Sure, we can all sit here and surmise about what could have been and about how many more championships this team could have won had it not been ravaged by injuries each and every year after their title in 2008. We can even say that, in the grand scheme of things, this could be looked at as an era of missed opportunity rather than success.

But that would be wrong. It would be unjust.

Instead, what we should all be doing is taking notes. Yes. Us.

No, we are not professional basketball players, but we are human beings and we all have and will continue to experience adversity in our lives.

What these Celtics have taught us from late 2007 until now is to never, ever give up.

How many times was this squad counted out over the years?

Remember during the 2009-10 campaign when most thought it to be a foregone conclusion that LeBron James' Cleveland Cavaliers and Dwight Howard's Orlando Magic would square off in the Eastern Conference Finals, only for Boston to humiliate both ballclubs en route to a classic seven-game finals series with the Los Angeles Lakers?

How about the 2011-12 season when the C's were 15-17 through 32 games? People had them dead and buried. It was only a matter of time before Ainge sent Garnett, Pierce and Ray Allen packing. They responded by going 24-10 over their final 34 contests, fighting a multitude of injuries along the way. Then, as banged up and missing as many pieces as they were, they took the eventual champion Heat to seven games.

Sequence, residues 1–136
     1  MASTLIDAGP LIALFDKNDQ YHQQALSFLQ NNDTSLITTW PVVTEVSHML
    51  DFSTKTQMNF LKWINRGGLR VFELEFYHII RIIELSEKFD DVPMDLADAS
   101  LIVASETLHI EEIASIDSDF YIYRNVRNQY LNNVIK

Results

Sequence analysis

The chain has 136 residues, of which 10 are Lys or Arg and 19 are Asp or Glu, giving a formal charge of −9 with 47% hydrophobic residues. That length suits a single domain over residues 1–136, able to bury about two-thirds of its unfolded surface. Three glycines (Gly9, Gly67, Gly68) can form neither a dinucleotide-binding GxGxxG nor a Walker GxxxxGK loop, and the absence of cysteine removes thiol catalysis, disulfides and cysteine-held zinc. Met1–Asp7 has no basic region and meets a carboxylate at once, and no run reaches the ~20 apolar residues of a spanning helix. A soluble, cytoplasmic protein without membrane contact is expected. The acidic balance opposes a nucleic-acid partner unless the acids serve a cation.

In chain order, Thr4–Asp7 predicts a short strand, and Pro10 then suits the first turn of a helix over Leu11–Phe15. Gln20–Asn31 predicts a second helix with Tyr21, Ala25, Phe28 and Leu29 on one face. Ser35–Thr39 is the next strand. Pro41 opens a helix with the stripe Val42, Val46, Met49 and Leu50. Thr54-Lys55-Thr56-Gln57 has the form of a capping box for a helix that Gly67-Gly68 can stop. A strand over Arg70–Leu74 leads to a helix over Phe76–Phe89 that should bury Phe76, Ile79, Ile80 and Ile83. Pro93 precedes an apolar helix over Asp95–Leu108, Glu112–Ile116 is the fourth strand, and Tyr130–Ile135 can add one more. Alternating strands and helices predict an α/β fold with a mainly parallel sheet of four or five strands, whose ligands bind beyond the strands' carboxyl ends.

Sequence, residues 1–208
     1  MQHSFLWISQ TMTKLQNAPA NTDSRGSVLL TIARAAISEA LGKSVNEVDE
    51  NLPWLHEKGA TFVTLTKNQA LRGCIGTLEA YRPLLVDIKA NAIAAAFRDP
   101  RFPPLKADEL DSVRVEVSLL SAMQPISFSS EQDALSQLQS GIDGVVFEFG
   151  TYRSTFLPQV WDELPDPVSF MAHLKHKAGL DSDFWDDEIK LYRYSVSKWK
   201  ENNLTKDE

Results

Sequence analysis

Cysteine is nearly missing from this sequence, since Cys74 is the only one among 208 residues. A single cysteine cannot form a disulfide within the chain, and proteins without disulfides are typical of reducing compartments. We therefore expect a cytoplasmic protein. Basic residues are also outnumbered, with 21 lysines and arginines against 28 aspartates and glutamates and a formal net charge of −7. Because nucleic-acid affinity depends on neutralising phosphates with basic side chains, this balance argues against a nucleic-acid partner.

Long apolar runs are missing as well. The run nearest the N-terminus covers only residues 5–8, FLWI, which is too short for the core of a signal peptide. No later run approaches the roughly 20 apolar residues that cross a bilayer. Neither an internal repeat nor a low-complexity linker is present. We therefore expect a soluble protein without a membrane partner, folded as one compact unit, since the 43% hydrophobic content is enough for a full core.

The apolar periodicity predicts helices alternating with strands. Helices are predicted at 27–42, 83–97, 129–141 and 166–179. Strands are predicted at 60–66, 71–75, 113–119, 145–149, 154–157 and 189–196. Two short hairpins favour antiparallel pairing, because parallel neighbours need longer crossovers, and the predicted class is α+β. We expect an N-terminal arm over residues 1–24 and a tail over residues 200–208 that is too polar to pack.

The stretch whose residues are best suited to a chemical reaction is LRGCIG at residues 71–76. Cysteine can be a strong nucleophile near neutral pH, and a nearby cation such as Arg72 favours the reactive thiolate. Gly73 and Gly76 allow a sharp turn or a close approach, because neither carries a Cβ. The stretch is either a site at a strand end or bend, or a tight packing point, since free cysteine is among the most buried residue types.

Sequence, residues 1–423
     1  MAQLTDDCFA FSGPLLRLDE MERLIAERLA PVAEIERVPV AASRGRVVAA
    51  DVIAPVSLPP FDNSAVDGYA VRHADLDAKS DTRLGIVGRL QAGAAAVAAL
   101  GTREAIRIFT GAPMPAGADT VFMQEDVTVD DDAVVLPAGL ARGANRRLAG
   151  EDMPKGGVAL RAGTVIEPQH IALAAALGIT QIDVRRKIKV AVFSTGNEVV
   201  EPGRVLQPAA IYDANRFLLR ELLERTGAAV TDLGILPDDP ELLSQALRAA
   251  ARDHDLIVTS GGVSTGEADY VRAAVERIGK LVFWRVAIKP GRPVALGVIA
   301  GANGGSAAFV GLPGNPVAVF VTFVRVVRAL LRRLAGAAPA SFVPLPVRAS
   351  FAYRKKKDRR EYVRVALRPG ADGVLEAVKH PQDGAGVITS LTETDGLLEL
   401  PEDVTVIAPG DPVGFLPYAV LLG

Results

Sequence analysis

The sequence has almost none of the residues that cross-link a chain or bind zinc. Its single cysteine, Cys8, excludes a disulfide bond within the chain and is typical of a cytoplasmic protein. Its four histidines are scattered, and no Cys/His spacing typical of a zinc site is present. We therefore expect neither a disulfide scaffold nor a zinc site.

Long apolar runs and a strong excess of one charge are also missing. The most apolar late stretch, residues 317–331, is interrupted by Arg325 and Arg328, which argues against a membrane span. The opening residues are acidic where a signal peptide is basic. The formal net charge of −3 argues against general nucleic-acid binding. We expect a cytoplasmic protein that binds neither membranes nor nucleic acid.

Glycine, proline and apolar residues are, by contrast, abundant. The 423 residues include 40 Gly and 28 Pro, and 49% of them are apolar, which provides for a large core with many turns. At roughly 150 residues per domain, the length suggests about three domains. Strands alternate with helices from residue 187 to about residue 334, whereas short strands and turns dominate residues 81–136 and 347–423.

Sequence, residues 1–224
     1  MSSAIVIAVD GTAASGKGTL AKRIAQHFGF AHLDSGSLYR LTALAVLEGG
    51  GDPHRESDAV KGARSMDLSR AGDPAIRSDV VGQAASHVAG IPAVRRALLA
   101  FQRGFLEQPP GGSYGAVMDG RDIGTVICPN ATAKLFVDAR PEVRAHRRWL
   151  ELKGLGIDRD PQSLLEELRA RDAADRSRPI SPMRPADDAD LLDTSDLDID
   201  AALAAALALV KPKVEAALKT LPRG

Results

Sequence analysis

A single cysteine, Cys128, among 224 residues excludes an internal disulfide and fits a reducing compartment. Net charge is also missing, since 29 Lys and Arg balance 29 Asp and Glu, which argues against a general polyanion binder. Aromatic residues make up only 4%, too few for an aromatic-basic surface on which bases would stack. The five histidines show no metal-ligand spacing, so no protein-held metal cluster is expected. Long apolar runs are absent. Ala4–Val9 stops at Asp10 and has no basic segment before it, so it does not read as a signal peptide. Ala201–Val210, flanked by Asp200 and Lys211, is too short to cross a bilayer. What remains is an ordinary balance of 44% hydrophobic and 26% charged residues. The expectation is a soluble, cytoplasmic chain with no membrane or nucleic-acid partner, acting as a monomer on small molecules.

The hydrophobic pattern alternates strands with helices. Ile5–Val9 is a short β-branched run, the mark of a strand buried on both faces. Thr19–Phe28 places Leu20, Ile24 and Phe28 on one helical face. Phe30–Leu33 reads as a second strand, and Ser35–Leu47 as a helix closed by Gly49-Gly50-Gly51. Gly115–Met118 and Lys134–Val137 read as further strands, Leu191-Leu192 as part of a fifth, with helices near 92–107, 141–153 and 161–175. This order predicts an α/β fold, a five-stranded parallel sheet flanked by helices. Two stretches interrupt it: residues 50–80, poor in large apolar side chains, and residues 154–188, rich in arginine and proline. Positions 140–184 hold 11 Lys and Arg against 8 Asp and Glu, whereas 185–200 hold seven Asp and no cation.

Then there was the 2013 playoffs. After dropping the first three games to the Knicks and hearing plans of their "funeral," the Celtics responded by winning the next two and sending New York into panic mode. They would proceed to put together one more magical run that would ultimately fall short in Game 6.

The important thing is that they went down swinging. They never waved the white flag.

That brings us to the lesson learned in all of this.

Sometimes it's not about wins and losses.

Sometimes it's about Kevin Garnett laboring up and down the floor, battling those bone spurs and that hip pointer and probably numerous other ailments that we will never know about.

It's about Jeff Green barreling over Tyson Chandler despite the fact that this young man was lying on an operating table with his chest cut open just 16 short months ago.

It's about Chris Wilcox battling back from the same exact heart procedure as Green and never taking another second in life for granted.

It's about Terrence Williams finally finding a home and, more importantly, hope.

It's about Rajon Rondo screaming from the sideline in street clothes as if he was on the court with his comrades.

It's about Paul Pierce, suffering through a 4-for-18 performance, urging the crowd to stand up, sharing perhaps one last moment with the fans that have cheered him on for 15 years.

It's about Doc Rivers delivering those tear-jerking and blood-stirring speeches in the locker room and on the sideline.

These Boston Celtics are not just a basketball team. They are an inspiration and a symbol to all of us.

They have let us know that you can have as many things taken away from you as possible, but that nothing can ever wrestle away your will to fight.

But perhaps this isn't the end.

Perhaps Ainge will decide to give it one last go with Garnett and Pierce. Maybe KG won't retire and Pierce won't get traded. And maybe Rondo will come back from his ACL surgery stronger than ever to reunite with his brothers and get the Celtics back to prominence.

Regardless of what happens, these Boston Celtics will never, ever be forgotten.